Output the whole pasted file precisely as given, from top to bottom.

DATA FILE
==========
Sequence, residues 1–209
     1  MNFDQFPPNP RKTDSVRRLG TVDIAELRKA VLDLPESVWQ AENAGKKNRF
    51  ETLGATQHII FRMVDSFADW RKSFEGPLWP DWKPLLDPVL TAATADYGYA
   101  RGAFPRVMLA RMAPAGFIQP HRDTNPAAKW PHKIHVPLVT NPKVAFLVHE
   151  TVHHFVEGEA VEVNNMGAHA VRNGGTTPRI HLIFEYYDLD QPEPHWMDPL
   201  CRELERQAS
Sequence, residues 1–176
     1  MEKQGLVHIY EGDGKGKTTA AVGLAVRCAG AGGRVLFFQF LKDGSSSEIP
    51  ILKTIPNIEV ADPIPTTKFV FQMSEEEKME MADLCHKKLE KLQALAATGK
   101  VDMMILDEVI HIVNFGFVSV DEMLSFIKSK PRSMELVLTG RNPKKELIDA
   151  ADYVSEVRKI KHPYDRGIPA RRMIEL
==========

Sequence, residues 1–209
     1  MNFDQFPPNP RKTDSVRRLG TVDIAELRKA VLDLPESVWQ AENAGKKNRF
    51  ETLGATQHII FRMVDSFADW RKSFEGPLWP DWKPLLDPVL TAATADYGYA
   101  RGAFPRVMLA RMAPAGFIQP HRDTNPAAKW PHKIHVPLVT NPKVAFLVHE
   151  TVHHFVEGEA VEVNNMGAHA VRNGGTTPRI HLIFEYYDLD QPEPHWMDPL
   201  CRELERQAS
Sequence, residues 1–176
     1  MEKQGLVHIY EGDGKGKTTA AVGLAVRCAG AGGRVLFFQF LKDGSSSEIP
    51  ILKTIPNIEV ADPIPTTKFV FQMSEEEKME MADLCHKKLE KLQALAATGK
   101  VDMMILDEVI HIVNFGFVSV DEMLSFIKSK PRSMELVLTG RNPKKELIDA
   151  ADYVSEVRKI KHPYDRGIPA RRMIEL